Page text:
But whatever secrets the Tarahumara are hiding, they’ve hidden them well. To this day, the Tarahumara live in the side of cliffs higher than a hawk’s nest in a land few have ever seen. The Barrancas are a lost world in the most remote wilderness in North America, a sort of a shorebound Bermuda Triangle known for swallowing the misfits and desperadoes who stray inside. Lots of bad things can happen down there, and probably will; survive the man-eating jaguars, deadly snakes, and blistering heat, and you’ve still got to deal with “canyon fever,” a potentially fatal freak- out brought on by the Barrancas’ desolate eeriness. The deeper you penetrate into the Barrancas, the more it feels like a crypt sliding shut around you. The walls tighten, shadows spread, phantom echoes whisper; every route out seems to end in sheer rock. Lost prospectors would be gripped by such madness and despair, they’d slash their own throats or hurl themselves off cliffs. Little surprise that few strangers have ever seen the Tarahumara’s homeland—let alone the Tarahumara.

But somehow the White Horse had made his way to the depths of the Barrancas. And there, it’s said, he was adopted by the Tarahumara as a friend and kindred spirit; a ghost among ghosts. He’d certainly mastered two Tarahumara skills—invisibility and extraordinary endurance—because even though he was spotted all over the canyons, no one seemed to know where he lived or when he might appear next. If anyone could translate the ancient secrets of the Tarahumara, I was told, it was this lone wanderer of the High Sierras.

I’d become so obsessed with finding Caballo Blanco that as I dozed on the hotel sofa, I could even imagine the sound of his voice.

“Probably like Yogi Bear ordering burritos at Taco Bell,” I mused. A guy like that, a wanderer who’d go anywhere but fit in nowhere, must live inside his own head and rarely hear his own voice. He’d make weird jokes and crack himself up. He’d have a booming laugh and atrocious Spanish. He’d be loud and chatty and . . . and . . .

Wait. I was hearing him. My eyes popped open to see a dusty cadaver in a tattered straw hat bantering with the desk clerk. Trail dust streaked his gaunt face like fading war paint, and the shocks of sun- bleached hair sticking out from under the hat could have been trimmed with a hunting knife. He looked like a castaway on a desert island, even to the way he seemed hungry for conversation with the bored clerk.

“Caballo?” I croaked.

The cadaver turned, smiling, and I felt like an idiot. He didn’t look wary; he looked confused, as any tourist would when confronted by a deranged man on a sofa suddenly hollering “Horse!”

This wasn’t Caballo. There was no Caballo. The whole thing was a hoax, and I’d fallen for it.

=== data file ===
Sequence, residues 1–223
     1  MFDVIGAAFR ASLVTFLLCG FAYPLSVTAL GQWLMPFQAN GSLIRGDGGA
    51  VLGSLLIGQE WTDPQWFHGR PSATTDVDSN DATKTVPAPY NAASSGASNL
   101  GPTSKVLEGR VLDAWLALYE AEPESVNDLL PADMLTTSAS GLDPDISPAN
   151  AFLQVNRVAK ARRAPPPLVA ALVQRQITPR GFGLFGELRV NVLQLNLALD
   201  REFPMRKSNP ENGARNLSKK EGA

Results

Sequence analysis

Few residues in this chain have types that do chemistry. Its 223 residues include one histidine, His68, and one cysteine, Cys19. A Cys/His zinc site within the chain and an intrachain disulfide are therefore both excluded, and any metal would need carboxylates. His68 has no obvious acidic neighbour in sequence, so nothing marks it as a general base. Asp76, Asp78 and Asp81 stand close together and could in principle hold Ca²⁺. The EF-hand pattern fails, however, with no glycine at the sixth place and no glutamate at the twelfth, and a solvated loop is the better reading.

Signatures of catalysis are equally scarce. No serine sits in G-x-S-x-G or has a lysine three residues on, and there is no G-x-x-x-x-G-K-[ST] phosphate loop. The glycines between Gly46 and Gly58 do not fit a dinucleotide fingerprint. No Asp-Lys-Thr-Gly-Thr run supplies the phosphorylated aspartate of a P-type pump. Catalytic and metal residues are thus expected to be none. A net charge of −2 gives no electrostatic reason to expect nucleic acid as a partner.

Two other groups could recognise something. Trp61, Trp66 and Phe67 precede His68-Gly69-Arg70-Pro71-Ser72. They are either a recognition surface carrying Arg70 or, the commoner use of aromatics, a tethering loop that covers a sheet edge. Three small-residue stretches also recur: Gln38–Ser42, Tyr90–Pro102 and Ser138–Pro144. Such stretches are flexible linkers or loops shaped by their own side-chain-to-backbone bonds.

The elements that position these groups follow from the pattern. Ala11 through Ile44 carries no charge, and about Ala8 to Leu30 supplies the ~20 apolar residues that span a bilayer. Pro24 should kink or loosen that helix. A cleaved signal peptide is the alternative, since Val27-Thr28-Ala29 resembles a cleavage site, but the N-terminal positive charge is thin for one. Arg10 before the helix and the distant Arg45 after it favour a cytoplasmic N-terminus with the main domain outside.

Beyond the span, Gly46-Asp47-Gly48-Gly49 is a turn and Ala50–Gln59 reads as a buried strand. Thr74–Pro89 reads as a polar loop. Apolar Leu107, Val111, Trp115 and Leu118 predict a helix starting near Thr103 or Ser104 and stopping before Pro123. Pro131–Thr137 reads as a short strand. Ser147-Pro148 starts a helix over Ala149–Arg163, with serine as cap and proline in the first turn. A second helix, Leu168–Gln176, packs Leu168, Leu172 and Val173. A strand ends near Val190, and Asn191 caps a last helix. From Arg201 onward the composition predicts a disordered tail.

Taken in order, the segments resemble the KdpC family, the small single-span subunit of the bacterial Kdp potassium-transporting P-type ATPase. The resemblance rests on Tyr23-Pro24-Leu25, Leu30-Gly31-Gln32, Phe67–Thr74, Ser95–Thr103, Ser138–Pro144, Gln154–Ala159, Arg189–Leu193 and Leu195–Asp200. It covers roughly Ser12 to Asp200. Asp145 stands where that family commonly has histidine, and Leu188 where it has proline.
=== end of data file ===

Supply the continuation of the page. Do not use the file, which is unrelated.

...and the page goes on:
Then the cadaver spoke. “You know me?”

“Man!” I exploded, scrambling to my feet. “Am I glad to see you!”

The smile vanished. The cadaver’s eyes darted toward the door, making it clear that in another second, he would as well.

It all began with a simple question that no one in the world could answer.

That five-word puzzle led me to a photo of a very fast man in a very short skirt, and from there it only got stranger. Soon, I was dealing with a murder, drug guerrillas and a one-armed man with a cream-cheese cup strapped to his head. I met a beautiful, blonde forest ranger who slipped out of her clothes and found salvation by running naked in the Idaho forests, and a young surf babe in pigtails who ran straight toward her death in the desert. A talented young runner would die. Two others would barely escape with their lives.

I kept looking, and stumbled across the Barefoot Batman … Naked Guy … Kalahari Bushmen … the Toenail Amputee… a cult devoted to distance running and sex parties … the Wild Man of the Blue Ridge Mountains … and ultimately, the ancient tribe of the Tarahumara and their shadowy disciple, Caballo Blanco.

In the end, I got my answer, but only after I found myself in the middle of the greatest race the world would never see: the Ultimate Fighting Competition of footraces, an underground showdown pitting some of the best ultra-distance runners of our time against the best ultrarunners of all time, in a 50-mile race on hidden trails only Tarahumara feet had ever touched. I’d be startled to discover that the ancient saying of the Tao Te Ching — “The best runner leaves no trace” — wasn’t some gossamer koan, but real, concrete, how-to, training advice.

And all because in January, 2001, I asked my doctor this:

“How come my foot hurts?”

I’d gone to see one of the top sports-medicine specialists in the country because an invisible ice-pick was driving straight up through the sole of my foot. The week before, I’d been out for an easy, three-mile jog on a snowy farm road when I suddenly whinnied in pain, grabbing my right foot and screaming curses as I toppled over in the snow. When I got a grip on myself, I checked to see how badly I was bleeding. I must have impaled my foot on a sharp rock, I figured, or an old nail wedged in the ice. But there wasn’t a drop of blood, or even a hole in my shoe.